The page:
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    ABSTRACT: The aim of this study was to find a biocompatible, lecithin-based carrier for paclitaxel (PTX) suitable for intravenous infusion and ensuring a soluble PTX concentration of 100 mg/100 ml or higher for at least 24 h. Aqueous dispersions of egg or soya lecithin (water-lecithin dispersions, WLD), mixed micellar (MM) solutions of egg lecithin and sodium deoxycholate, and formulations containing lecithin plus the co-surfactants and co-solvents poloxamer, polysorbate, Span, benzalkonium chloride, and macrogol were investigated. Amorphous PTX was prepared by lyophilization. PTX co-lyophilized with surfactants was also studied. Unlike crystalline PTX, the drug in an amorphous form is easily soluble in 1-5% (w/w) WLD or in MM. The highest solubility (up to 570 mg/100 ml) was achieved in 5% WLD. Dissolved PTX precipitated from all tested formulations over 24 h. Despite this, concentrations of dissolved PTX of 100 mg/100 ml or higher were observed after 24 h in 5% egg WLD, 1-5% soya WLD, and in 5% MM (lecithin : deoxycholate ratio 1 : 1 w/w). When four different batches of 5% egg WLD were prepared, containing PTX in clinically relevant concentration of 100 mg/100 ml, no precipitation of PTX was observed within 24 h and this formulation is the most promising candidate for further in vivo studies. Neither additional surfactants nor co-lyophilization increased PTX solubility in the lecithin-based carriers. The use of parenteral emulsions as solvents for the co-lyophilized PTX also failed to increase the solubility of the drug up to the target concentration.
    CHEMICAL & PHARMACEUTICAL BULLETIN 02/2008; 56(1):70-4. · 1.56 Impact Factor
  • Dorota Watrobska-Swietlikowska, Malgorzata Sznitowska
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    ABSTRACT: Partitioning of methyl and propyl parabens (methyl and propyl hydroxybenzoate, paraben M and P) between the major phases in the parenteral submicron emulsions was studied. The investigated emulsions contained 10% or 20% soya-bean oil, 1.2% or 2.4% egg lecithin, 0.18% or 0.36% paraben M and 0.02% or 0.04% paraben P. The aqueous phase was obtained by ultracentrifugation, and subsequently, it was subjected to ultrafiltration, which procedure allowed to distinguish between the fractions of free preservatives (Fw) and incorporated in the liposomal or micellar region (Flm). The fractions present in the oily phase and in the interface were calculated. Depending on the formulation, Fw was 17-31% and 2.3-6.0% for paraben M and P, respectively. The Flm values were in a very narrow range, i.e. 3.0-6.0% for both preservatives. Substantial accumulation, i.e. 38-58% was found in the interface and the partitioning into this region was related to the oil/lecithin ratio rather than to lipophilicity of the preservative.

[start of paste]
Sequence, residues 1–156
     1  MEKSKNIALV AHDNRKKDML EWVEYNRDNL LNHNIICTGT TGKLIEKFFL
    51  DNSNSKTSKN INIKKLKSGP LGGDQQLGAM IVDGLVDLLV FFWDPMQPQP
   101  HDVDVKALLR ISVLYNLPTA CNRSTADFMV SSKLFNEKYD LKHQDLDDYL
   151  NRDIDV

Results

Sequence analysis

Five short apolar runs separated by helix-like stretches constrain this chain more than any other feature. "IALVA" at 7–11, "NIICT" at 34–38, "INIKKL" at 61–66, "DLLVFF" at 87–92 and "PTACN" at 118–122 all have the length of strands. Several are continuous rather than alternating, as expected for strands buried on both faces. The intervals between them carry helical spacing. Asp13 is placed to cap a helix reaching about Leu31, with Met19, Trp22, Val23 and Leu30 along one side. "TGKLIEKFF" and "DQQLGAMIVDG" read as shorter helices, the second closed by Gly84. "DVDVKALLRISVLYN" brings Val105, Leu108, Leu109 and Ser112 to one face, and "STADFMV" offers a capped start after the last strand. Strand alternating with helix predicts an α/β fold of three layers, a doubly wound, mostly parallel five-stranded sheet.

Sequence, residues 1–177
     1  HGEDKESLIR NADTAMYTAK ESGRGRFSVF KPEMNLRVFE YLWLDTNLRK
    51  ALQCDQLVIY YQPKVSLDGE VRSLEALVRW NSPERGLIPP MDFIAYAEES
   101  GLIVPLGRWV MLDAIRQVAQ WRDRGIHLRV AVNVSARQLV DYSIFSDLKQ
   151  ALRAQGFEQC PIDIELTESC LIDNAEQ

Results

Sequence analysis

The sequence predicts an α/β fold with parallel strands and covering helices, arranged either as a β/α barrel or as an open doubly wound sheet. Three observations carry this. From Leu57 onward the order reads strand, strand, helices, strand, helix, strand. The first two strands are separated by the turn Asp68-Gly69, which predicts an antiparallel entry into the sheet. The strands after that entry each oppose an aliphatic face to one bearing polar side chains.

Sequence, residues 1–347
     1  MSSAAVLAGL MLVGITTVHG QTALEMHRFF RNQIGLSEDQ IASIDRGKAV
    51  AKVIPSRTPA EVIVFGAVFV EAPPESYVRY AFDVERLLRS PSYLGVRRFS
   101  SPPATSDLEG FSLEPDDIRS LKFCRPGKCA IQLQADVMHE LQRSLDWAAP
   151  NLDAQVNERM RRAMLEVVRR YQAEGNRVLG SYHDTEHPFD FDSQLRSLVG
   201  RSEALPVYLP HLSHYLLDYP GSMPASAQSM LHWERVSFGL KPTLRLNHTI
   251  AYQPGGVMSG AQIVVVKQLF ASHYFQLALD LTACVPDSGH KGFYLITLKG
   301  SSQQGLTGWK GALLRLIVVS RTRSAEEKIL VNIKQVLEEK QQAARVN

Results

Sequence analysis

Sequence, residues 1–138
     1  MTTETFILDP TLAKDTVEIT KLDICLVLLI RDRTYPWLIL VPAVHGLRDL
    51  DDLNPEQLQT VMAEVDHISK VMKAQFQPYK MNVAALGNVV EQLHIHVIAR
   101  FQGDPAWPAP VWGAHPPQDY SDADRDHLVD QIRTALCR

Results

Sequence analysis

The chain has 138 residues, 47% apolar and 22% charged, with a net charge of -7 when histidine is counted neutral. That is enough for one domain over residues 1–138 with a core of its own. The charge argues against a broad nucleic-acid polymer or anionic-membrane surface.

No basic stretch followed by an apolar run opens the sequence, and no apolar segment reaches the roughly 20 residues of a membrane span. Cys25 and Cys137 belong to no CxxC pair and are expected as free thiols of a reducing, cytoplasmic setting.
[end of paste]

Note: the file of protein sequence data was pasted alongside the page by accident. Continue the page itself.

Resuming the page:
International Journal of Pharmaceutics 05/2006; 312(1-2):174-8. · 3.99 Impact Factor
  • Justyna Pietkiewicz, Malgorzata Sznitowska, Marcin Placzek
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    ABSTRACT: The aim of the study was to compare incorporation of bupivacaine base, bupivacaine stearate and indomethacin in diluted suspensions of lipospheres (10%, w/w of lipid) and in concentrates (50%, w/w of lipid). The lipid cores were composed of a mixture of solid and liquid triglycerides (Precirol and Miglyol 4:1). The lipospheres sizing between 0.5-10 microm (suspensions) and 0.5-20 microm (concentrates) were prepared using a hot emulsification with high-shear mixing and cold resolidification method. None of the studied drugs was successfully incorporated in the lipid core. The increased incorporation of drugs determined in the concentrated lipospheres was only apparent, since in fact all the dose was only attached to the surface of the lipid particles and was transferred to the aqueous phase in the course of an intensive agitation. The presence of hydrophilic polymers in the aqueous phase did not prevent the expulsion effect although drug precipitation was retarded. The expulsion effect did not correlate with the solubility of drugs determined in the bulk lipids.
    International Journal of Pharmaceutics 04/2006; 310(1-2):64-71. · 3.99 Impact Factor
  • Krzysztof Cal, Katarzyna Kupiec, Malgorzata Sznitowska